BATON ROUGE, Louisiana — Lawmakers struggling to balance next year's budget and avoid deep cuts to colleges and health services are trying to follow a complicated set of rules set by Gov. Bobby Jindal.
Jindal won't support any tax changes he — or national anti-tax activist Grover Norquist — considers a net tax increase. The Republican governor has closely guarded his record on taxes as he builds a likely presidential campaign.
"We have been consistent since I've been here about not raising taxes, and our economy's the beneficiary of that, and our families and businesses are the beneficiaries of that," Jindal said. "I think it's important to continue that track record of not raising taxes."
But with a $1.6 billion budget hole next year, lawmakers and the governor have acknowledged they must find ways to drum up new dollars for the budget to keep from devastating higher education and public health care programs.
The House didn't bother meeting Jindal's criteria with its budget-balancing plan. But senators are seeking to meet the parameters and avoid the threat of a veto of the financing plans for the fiscal year that begins July 1.
Senate President John Alario, R-Westwego, has acknowledged the task is difficult. Meeting Jindal's guidelines, he said recently, is "the toughest part, and we're working diligently to try to do that. I think if we could make (the budget deal) veto-proof, that would help us all."
Lawmakers are looking for loopholes and creative financing methods to help Jindal claim Louisiana hasn't raised taxes, while still raising new revenue. Two weeks remain in the legislative session to craft a deal, and Jindal said he's confident one can be reached.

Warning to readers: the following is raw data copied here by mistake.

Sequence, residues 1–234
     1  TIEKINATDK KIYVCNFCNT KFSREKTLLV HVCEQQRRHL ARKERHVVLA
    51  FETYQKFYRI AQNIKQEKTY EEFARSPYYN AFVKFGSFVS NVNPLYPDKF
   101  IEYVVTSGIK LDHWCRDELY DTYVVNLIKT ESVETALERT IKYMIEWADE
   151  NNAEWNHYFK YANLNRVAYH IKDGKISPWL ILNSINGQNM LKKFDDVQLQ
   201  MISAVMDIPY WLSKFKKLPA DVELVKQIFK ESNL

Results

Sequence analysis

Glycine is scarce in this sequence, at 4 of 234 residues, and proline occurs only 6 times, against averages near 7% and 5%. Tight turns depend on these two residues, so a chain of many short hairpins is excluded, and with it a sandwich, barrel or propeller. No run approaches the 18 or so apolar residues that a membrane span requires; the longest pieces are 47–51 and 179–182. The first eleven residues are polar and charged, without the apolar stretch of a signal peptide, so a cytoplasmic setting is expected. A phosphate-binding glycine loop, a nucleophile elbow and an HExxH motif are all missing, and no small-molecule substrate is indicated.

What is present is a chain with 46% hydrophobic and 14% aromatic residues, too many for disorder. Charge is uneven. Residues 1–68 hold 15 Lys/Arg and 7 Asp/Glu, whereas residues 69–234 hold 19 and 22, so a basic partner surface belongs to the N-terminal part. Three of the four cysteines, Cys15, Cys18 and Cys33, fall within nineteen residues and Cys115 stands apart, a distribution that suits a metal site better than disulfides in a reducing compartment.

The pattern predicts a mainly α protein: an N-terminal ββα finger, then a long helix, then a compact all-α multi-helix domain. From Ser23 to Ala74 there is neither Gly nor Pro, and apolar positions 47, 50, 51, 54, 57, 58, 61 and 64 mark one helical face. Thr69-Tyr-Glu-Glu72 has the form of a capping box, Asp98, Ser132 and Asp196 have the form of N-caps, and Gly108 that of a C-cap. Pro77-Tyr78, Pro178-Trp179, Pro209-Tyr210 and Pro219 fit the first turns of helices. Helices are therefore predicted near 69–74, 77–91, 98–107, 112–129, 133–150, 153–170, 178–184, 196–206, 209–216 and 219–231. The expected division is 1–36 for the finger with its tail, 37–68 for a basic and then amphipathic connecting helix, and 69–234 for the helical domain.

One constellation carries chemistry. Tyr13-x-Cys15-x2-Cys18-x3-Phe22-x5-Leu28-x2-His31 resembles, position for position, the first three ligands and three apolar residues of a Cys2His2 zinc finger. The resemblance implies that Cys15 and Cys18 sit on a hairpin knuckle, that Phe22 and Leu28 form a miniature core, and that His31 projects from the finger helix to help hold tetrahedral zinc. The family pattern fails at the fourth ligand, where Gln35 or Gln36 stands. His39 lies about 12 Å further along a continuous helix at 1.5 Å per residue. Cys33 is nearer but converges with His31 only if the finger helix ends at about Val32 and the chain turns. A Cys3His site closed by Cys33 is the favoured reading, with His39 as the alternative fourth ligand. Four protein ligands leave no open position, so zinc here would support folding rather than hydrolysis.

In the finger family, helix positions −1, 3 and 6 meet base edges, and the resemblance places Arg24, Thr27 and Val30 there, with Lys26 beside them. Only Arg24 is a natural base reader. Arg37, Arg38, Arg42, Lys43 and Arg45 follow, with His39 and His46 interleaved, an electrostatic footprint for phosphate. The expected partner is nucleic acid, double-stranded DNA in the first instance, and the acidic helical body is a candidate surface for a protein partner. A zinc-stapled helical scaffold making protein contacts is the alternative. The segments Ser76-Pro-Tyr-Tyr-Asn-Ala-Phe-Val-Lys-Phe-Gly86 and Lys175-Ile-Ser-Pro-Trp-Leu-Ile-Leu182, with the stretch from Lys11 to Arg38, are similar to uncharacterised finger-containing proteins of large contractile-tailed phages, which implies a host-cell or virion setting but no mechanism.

Democrats say trying to appease Jindal is ridiculous, an unnecessary exercise to try to help his political career.
"I'm not going to vote in fear of a veto, because I wasn't sent here to do that," said Rep. Ted James, D-Baton Rouge.
The House raised $615 million through tax changes to fill gaps in next year's budget. Not all the measures need offsets to meet Jindal's criteria.
Jindal considers scaling back tax breaks a tax increase — but only in certain cases.
The governor describes refundable tax credits, in which the state hands over a check above a business' tax liability, as "corporate welfare," so Jindal doesn't consider proposals to shrink that tax break spending as a tax hike.
Plus, the Jindal administration is willing to negotiate what's considered "revenue neutral" over a five-year period, so lawmakers can raise a bunch of money upfront and cut taxes on the back end, which they could later rework when another governor takes office in January.
Two proposals are the linchpins of trying to meet the Jindal guidelines.
The first is a back-loaded, five-year phase-out of the corporate franchise tax that won House approval this week and awaits Senate consideration.
The second is a higher education tax credit called the Student Assessment for a Valuable Education, or SAVE, credit. It would involve raising a new "fee" on students. The students wouldn't actually pay the fee because it would be covered by the state through the tax credit, paid directly to colleges and offset with tax increases elsewhere, like a cigarette tax increase.
The tax credit has received Senate backing and awaits debate in the House.